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Boy bands: brands, not role models

ONE wonders who was really all that shocked by the "shocking" video exclusive the Daily Mail ran last week, filmed by one 22-year-old pop star of another band member smoking a roll-up cigarette and talking about "Mary J" (meaning marijuana) as they drive through Peru, a country in which possession of a small amount of cannabis is legal.

Was it the One Direction fans, who, at the worst, seemed, on their internet forums, merely "disappointed" by Louis Tomlinson and Zayn Malik's behaviour?

Was it their parents who should probably have noticed that barely a young pop superstar, from Miley Cyrus to Justin Bieber, hasn't eventually tried the drugs portion of the sex, drugs and rock'n'roll package? Or was this perhaps just another fear-mongering drug and kids scandal created by the media, as manufactured as the band itself, a storm in a 1D-cup.

Clearly, there were some parents who were "disgusted" - indeed, quite a few seemed to have genuinely believed in the band's squeaky-clean branding. One, writing in the paper, described these young stars as if they were role models for his seven-year-old daughter. "Just as schoolboys will copy the exploits of their football idols, so will One Direction's impressionable fans ape their every move."

Really? At seven? This seemed a strange misunderstanding of the part these bands play in the lives of the very young. One Direction is not, for these youngsters, a set of role models, but rather a brand - one of many that litter their lives, from Hello Kitty through to Barbie. It's a way simply of saying, "I'm a girl".

I doubt finding out that Zayn and Louis have been filmed looking as if they might be doing drugs is going to set their young fans on the first steps down the rocky road to drug use, or even make them seek out roll-up cigarettes.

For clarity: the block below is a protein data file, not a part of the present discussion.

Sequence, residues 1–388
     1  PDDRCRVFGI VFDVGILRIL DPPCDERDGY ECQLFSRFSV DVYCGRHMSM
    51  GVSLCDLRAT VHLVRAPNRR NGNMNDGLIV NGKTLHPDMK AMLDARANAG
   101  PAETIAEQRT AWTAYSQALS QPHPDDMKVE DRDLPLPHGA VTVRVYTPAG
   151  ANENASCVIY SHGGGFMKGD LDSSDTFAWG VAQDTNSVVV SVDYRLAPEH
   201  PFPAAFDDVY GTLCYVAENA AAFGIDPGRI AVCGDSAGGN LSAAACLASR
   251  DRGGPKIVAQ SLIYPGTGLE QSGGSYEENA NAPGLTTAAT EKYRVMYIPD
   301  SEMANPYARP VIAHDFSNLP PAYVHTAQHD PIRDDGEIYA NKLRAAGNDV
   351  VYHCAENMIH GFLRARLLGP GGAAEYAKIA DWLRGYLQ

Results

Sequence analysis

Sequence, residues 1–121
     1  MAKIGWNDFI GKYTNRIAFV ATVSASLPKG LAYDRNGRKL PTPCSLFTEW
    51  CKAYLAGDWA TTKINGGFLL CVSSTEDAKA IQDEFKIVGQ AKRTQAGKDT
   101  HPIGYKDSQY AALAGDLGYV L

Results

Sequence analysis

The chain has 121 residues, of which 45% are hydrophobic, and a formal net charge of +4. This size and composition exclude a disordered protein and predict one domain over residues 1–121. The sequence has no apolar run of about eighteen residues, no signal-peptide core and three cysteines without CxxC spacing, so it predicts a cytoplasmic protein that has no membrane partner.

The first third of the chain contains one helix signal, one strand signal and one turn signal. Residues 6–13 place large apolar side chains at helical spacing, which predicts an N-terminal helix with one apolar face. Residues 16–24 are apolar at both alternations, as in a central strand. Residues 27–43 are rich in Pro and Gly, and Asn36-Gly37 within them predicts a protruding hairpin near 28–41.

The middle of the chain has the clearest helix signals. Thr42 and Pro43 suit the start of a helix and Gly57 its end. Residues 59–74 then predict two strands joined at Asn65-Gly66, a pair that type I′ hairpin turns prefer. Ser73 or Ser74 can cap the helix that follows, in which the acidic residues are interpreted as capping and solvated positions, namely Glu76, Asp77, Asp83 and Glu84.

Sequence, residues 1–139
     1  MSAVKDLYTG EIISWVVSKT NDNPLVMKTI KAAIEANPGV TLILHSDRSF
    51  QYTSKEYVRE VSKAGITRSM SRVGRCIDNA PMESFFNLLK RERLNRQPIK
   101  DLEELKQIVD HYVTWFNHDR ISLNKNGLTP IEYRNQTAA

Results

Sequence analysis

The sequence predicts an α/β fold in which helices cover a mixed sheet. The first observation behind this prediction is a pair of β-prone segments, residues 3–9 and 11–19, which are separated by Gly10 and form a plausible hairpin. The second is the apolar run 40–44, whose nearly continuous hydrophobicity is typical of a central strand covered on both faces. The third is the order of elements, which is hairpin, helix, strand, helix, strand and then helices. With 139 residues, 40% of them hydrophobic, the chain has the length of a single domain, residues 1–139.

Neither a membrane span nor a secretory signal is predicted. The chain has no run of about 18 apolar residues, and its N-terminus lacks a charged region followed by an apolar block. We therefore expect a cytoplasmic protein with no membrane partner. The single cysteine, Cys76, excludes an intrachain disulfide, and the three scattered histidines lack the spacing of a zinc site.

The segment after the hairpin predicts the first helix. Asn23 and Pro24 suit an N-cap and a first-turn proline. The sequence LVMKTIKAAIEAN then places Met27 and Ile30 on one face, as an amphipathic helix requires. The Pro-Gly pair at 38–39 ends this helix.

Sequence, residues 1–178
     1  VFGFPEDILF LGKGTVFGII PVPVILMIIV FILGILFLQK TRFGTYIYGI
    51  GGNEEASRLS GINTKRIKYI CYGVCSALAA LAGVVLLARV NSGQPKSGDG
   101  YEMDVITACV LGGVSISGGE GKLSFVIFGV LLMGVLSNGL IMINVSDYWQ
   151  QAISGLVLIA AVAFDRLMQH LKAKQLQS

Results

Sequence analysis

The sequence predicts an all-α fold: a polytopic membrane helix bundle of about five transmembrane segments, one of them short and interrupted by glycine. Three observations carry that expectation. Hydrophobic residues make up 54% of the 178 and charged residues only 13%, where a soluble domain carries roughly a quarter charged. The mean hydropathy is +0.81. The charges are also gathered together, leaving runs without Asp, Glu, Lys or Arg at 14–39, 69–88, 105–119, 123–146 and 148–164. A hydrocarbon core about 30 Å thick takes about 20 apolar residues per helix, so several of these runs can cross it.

The headlines, meanwhile, informed us that fans were selling and destroying concert tickets. The picture illustrating the Daily Mail's story, taken from Twitter, shows a girl in a top bearing the lips logo of one-time drug-takers The Rolling Stones as she burns her ticket. Was her sartorial message irony or accident?

It only takes a quick look at the comments online to get a general impression that most of the older teenage fans are girls who already have their own informed views on drugs. But there has long been a fever-pitch of anxiety around girls, and any outrageous act by a young pop star inevitably brings talk about their value as role models. We ought to relax. 'Twas ever thus. I'm with Will.i.am, who said of Justin Bieber: "It's really not important that pop stars are role models. There are no rules on how a pop star should act."

This is not to say that there isn't a problem with pop and the tween market - just that it is not the wild antics of the stars that are the issue. Rather, it is the consumerism, the creation and aggressive selling of brands to suit specific markets by the music industry. And this is why it can come as a relief when these pop stars rebel. As PR expert Mark Borkowski commented of the One Direction video: "It's a good career move considering the sell-by stamp date on One Direction's a**e … It helps them with the credibility factor."

Parents might also want to remember that pop stars such as One Direction and Justin Bieber only really exist because we adults have wanted something to listen to in the car or at home that seemed sanitised enough for the kids, but enjoyable in some grown-up way. You only have to look at the fact that one of the band's biggest hits was the Blondie/Undertones mash-up cover One Way Or Another (Teenage Kicks), to see that at work. One Direction has always been forced - like a Disney movie in which some of the gags are for the kids, others for the grown-ups - to tread that line between tween innocence and adult rock nostalgia.

So when boy band members grow up and do the things that their peers are doing, should we really be surprised? Wouldn't the real shock be if they didn't take that one direction from teenage kicks to more adult ones?

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